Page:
Google noted in a blog post that its Accelerated Mobile Pages (AMP) project, aimed at hosting and delivering fast-loading content to mobile devices from numerous publishers, is set to debut for users early next year.
The company said that in the six weeks since its announcement, more than 4,500 developers have begun following the open-source AMP project on GitHub. The code repository has also seen 250 pull requests in this time, along with user-driven discussions about new features.
In addition, the company announced today that ad networks Outbrain, AOL, OpenX, DoubleClick and AdSense have signed on to develop ads in line with Google’s new framework.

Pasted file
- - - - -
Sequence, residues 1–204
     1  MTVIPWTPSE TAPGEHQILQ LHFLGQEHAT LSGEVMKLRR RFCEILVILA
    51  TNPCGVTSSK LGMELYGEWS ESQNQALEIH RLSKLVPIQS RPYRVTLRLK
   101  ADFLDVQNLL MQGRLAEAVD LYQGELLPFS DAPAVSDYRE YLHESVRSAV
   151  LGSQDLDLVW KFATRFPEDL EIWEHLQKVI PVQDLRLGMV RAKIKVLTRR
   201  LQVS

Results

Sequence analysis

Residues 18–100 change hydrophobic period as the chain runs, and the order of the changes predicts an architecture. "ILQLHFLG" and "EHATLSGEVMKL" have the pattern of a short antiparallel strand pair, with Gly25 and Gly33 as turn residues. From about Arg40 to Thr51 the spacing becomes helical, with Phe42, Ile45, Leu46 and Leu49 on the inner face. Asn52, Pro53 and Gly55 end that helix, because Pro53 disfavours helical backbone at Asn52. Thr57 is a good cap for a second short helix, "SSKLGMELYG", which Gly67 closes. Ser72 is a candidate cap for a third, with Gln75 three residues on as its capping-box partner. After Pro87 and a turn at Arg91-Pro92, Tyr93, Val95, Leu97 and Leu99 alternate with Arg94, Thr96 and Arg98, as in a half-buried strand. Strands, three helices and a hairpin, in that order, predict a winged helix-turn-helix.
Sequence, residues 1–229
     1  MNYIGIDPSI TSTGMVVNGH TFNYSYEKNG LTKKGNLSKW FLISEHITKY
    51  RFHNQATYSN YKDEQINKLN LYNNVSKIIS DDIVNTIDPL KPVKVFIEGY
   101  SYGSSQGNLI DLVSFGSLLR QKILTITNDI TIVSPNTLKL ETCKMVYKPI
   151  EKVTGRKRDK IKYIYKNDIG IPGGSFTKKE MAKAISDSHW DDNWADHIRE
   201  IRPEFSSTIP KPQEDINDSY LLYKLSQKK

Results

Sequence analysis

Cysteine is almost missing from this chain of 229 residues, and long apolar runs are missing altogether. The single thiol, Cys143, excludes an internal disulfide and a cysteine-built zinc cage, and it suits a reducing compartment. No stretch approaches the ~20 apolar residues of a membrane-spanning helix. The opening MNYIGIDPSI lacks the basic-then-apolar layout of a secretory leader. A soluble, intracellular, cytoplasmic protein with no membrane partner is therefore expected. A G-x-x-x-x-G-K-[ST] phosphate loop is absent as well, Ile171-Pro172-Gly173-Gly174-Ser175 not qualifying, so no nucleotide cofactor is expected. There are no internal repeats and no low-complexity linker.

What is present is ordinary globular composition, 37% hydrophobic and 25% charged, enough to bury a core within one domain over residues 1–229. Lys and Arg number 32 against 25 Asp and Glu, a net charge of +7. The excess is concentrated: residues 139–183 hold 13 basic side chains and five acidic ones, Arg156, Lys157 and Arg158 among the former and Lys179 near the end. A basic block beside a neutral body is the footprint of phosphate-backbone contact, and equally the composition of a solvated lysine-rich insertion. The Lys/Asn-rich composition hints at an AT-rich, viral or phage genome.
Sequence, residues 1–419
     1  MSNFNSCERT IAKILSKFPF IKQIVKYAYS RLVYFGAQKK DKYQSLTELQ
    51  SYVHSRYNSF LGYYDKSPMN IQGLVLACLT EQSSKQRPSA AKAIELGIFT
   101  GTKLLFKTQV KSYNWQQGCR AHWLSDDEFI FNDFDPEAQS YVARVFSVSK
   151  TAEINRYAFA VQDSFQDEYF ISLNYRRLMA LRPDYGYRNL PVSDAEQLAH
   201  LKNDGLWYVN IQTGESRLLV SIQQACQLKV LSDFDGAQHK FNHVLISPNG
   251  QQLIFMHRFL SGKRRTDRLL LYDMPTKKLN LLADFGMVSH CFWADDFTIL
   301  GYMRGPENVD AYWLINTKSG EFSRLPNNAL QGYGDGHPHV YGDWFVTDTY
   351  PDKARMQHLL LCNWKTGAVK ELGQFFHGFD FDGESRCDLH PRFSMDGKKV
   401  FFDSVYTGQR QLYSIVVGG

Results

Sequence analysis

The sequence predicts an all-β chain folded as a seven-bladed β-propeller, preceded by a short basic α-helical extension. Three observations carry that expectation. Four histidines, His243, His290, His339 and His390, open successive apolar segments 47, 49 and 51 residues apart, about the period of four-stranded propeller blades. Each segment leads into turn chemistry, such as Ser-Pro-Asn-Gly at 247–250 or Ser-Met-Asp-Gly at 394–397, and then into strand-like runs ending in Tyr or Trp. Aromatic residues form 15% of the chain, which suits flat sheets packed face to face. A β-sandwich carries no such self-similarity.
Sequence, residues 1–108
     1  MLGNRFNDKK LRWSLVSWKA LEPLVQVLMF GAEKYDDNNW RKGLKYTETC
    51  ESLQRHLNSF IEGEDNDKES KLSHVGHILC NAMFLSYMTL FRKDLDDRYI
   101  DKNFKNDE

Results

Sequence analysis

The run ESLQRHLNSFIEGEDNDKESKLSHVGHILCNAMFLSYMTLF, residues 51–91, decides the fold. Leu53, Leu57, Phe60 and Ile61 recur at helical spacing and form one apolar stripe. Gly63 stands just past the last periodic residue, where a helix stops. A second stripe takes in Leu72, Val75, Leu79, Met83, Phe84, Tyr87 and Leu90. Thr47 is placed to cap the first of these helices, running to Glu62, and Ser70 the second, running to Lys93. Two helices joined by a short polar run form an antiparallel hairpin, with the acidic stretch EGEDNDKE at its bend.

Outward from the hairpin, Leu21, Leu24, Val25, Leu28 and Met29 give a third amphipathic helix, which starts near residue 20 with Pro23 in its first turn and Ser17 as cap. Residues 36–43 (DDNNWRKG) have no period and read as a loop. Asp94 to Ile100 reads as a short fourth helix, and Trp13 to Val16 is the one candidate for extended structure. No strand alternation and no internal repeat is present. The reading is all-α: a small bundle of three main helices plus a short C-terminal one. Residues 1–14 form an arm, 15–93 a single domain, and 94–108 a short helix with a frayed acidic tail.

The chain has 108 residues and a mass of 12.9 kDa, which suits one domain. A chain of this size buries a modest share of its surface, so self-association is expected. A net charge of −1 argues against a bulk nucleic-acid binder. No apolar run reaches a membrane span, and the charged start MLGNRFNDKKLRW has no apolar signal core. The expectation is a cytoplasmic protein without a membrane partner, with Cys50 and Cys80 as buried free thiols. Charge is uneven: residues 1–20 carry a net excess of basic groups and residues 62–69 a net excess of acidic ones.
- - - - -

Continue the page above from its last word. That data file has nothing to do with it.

To recap, AMP is a new framework focused on building lightweight pages, which can optionally work in tandem with Google’s caching infrastructure around the globe to provide those pages much faster to mobile devices.
The project, which launched its technical preview in October, has already garnered support from major publishers like BBC, The Economist, BuzzFeed, The Guardian, Huffington Post and Mashable. In one example, AMP cut The New York Times’ load time from three seconds to less than 500 milliseconds.
The Next Web is part of Google’s Digital News Initiative and is actively building a lightweight AMP-enabled version of our site which will work with the launch in search results next year.